In another February Obstetrics & Gynecology article reacting to Elizabeth G. Raymond and David A. Grimes’ pregnancy-abortion study, Dr. Mitchell D. Creinin, a professor and chair in the Department of Obstetrics and Gynecology at the University of California–Davis, argues that using the risks of abortion as a reason to restrict or ban abortion implies that the risks of any given procedure should be a reason to restrict or ban the procedure. In short, he accuses legislators of misrepresenting the realities of medicine and science for a political purpose.
“Is the court going to outlaw pregnancy altogether?” Creinin writes, referring to the fact that severe depression is a risk of pregnancy that is often cited as a possible consequence of abortion and thus a reason to ban it. ”A lack of understanding or misrepresentation of medical data are at the root of what allows many laws that limit abortion to come into existence; the time has come for this to stop.”
In the article, Creinin compares abortion to cigarette smoking and argues that if legislation restricting abortion were really only about safety, the government would most assuredly ban the act of smoking a cigarette.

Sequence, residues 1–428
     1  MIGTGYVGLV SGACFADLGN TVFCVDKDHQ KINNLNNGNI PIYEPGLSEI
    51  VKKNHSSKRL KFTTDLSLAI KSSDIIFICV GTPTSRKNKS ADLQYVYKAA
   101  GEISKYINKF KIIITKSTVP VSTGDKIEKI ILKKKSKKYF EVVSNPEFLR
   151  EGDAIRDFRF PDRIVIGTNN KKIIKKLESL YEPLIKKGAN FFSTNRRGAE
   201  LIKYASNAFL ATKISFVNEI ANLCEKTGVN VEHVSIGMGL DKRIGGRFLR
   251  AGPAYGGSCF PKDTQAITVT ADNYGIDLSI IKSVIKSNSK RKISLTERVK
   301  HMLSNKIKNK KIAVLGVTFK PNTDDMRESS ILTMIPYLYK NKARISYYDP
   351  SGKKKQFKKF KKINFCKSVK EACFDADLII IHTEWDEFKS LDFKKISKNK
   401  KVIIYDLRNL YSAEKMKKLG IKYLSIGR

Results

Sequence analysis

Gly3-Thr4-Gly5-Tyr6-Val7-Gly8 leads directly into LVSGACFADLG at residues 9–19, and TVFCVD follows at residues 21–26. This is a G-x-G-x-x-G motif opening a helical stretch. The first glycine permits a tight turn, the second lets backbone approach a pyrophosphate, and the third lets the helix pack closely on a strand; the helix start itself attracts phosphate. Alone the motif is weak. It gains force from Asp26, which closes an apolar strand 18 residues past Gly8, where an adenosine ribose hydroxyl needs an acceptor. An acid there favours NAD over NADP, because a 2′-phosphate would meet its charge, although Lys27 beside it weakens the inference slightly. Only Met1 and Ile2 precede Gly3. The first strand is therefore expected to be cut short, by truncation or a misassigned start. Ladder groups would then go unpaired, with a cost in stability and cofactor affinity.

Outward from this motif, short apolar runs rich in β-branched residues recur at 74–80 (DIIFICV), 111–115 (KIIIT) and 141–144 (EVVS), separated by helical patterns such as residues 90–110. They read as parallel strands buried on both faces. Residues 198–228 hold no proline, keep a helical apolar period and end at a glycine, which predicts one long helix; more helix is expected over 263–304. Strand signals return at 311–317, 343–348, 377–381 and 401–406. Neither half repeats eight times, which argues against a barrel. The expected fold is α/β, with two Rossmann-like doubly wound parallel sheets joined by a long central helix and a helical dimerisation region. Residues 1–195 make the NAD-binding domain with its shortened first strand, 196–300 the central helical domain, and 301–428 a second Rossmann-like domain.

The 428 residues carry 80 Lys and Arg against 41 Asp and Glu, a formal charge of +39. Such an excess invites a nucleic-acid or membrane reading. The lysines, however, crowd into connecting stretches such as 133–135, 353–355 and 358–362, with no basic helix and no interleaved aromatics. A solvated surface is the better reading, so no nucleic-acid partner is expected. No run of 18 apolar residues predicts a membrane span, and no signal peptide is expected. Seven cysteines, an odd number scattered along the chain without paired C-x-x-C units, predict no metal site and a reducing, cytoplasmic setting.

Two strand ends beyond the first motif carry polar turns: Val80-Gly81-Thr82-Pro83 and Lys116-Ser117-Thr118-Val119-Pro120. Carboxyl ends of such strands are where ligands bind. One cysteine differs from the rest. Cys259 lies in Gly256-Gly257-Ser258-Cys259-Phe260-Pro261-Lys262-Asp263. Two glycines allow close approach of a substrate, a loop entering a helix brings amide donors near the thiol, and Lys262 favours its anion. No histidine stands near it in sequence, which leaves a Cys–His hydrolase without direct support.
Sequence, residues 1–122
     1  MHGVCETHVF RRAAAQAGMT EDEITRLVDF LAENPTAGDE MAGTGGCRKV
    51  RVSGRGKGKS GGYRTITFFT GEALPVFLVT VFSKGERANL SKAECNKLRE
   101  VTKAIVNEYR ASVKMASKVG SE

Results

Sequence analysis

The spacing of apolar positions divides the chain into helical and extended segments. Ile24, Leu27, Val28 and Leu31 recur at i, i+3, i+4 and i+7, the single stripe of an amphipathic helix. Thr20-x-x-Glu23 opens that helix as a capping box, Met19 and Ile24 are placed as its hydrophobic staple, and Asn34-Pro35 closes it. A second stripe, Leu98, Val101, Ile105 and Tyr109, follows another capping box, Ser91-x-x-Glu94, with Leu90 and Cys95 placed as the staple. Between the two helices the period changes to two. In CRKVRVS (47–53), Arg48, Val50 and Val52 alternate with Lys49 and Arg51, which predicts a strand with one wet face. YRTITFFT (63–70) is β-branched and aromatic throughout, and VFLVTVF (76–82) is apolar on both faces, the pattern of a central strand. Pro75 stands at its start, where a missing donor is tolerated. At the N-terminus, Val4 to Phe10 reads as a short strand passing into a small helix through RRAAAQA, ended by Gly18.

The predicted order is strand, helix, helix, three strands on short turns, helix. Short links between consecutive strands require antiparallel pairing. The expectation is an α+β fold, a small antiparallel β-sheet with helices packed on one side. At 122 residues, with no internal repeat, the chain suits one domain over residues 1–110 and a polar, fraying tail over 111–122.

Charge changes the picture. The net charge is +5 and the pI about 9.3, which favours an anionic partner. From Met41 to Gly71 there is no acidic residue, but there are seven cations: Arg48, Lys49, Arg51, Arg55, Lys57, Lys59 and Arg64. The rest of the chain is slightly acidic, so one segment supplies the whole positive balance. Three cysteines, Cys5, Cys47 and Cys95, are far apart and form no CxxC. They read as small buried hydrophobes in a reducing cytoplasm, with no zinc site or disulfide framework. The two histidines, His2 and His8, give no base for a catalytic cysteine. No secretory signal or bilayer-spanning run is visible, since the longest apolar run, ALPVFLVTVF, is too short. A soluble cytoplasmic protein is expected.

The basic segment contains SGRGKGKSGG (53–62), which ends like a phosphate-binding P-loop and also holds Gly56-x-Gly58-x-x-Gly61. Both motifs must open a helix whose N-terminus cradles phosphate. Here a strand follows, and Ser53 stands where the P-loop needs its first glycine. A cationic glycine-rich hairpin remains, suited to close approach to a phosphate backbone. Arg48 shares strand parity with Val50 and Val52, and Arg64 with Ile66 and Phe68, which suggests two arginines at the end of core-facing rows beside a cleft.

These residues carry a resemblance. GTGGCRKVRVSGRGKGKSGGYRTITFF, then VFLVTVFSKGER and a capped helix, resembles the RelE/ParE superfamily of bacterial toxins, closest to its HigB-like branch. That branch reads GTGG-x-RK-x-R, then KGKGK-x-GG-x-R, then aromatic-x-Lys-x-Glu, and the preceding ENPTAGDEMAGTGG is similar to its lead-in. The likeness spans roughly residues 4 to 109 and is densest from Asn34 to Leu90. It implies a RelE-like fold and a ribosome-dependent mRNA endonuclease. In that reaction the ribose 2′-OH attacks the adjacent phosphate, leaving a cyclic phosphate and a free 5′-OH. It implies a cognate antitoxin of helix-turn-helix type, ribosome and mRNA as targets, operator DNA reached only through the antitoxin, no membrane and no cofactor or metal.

“Raymond and Grimes report 2,856 deaths over 7 years from pregnancy and 64 deaths over 7 years from abortion. The Centers for Disease Control and Prevention estimates 443,000 deaths annually from cigarette smoking,” he writes. “Whereas access to abortion is being restricted more and more by legislation that has nothing to do with the existing safety of the procedure, a greater health risk – smoking – is not being restricted in a similar manner. Community laws that prohibit where someone can smoke are not the same type of restriction that limits provision and access to abortion services.”